10 Things I’ve Observed about Vision and Strategy

dartClassic Countdown In the month leading up to the fourth anniversary of this blog’s launch, I am sharing my favorite posts. This was published on Aug. 19, 2009.

Helen Keller was right when she said, “The most pathetic person in the world is someone who has sight, but has no vision.” It seems like everyone talks about the importance of vision, but very few people have a vivid image of what they hope their future will look like.

Following are 10 things I’ve observed during more than 20 years of work experience:

  1. Where there is no vision, people perish.
  2. In the land of the blind, the one-eyed man is king.
  3. Tactics not tied to strategy are nothing more than busywork.
  4. When you and I are not pursuing the same goal, then we’re not on the same team.
  5. When you and I focus on the same goal from different vantage points, we have stereoscopic vision that gives us better depth perception.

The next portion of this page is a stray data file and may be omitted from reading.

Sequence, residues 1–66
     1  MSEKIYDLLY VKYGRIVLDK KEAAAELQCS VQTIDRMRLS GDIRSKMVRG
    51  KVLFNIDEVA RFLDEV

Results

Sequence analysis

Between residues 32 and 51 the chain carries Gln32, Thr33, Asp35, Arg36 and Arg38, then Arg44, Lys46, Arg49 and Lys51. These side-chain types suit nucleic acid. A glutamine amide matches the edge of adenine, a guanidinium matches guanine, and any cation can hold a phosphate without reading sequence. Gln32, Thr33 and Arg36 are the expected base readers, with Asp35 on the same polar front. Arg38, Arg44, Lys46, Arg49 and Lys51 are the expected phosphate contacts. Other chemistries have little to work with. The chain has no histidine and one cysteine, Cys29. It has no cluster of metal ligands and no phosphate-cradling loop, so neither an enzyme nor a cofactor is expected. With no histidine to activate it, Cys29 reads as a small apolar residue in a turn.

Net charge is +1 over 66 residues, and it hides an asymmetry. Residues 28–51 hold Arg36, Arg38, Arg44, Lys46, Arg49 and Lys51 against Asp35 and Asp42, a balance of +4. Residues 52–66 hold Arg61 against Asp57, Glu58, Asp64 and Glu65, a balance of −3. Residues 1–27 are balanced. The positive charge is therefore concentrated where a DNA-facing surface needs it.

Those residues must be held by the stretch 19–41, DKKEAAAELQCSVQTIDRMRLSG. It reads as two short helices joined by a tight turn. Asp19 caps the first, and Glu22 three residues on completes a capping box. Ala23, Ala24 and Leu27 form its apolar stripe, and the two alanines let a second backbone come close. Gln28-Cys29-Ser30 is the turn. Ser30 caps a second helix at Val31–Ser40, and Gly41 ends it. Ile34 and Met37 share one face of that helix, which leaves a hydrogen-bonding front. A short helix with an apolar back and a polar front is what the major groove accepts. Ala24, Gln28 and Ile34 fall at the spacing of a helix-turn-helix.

6. The effectiveness of a vision statement can be measured in its ability to inspire people to rally around a shared picture of what can be—and must be—their new reality.
  7. A compelling vision is future-focused and usually threatens those deeply vested in the status quo.
  8. Progress always requires change, but not all change is progress.
  9. Every project can be improved by periodically asking, “Why are we doing this?”
  10. As Stephen Covey says, it is essential to “begin with the end in mind.”

What would you add? Have you been inspired by someone who had an exceptional vision for the future? What did you learn from that person? How did he or she inspire you?


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